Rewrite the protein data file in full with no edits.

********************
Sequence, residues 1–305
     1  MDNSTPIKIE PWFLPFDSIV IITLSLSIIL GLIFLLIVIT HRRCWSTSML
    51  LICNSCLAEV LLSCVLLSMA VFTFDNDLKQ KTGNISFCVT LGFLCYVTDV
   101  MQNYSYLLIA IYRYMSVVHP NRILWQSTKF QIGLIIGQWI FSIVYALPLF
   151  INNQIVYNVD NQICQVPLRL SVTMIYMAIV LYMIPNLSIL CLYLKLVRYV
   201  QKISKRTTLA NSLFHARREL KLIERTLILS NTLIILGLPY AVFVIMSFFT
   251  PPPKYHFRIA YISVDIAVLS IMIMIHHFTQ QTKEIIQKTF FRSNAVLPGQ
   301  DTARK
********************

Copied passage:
Sequence, residues 1–305
     1  MDNSTPIKIE PWFLPFDSIV IITLSLSIIL GLIFLLIVIT HRRCWSTSML
    51  LICNSCLAEV LLSCVLLSMA VFTFDNDLKQ KTGNISFCVT LGFLCYVTDV
   101  MQNYSYLLIA IYRYMSVVHP NRILWQSTKF QIGLIIGQWI FSIVYALPLF
   151  INNQIVYNVD NQICQVPLRL SVTMIYMAIV LYMIPNLSIL CLYLKLVRYV
   201  QKISKRTTLA NSLFHARREL KLIERTLILS NTLIILGLPY AVFVIMSFFT
   251  PPPKYHFRIA YISVDIAVLS IMIMIHHFTQ QTKEIIQKTF FRSNAVLPGQ
   301  DTARK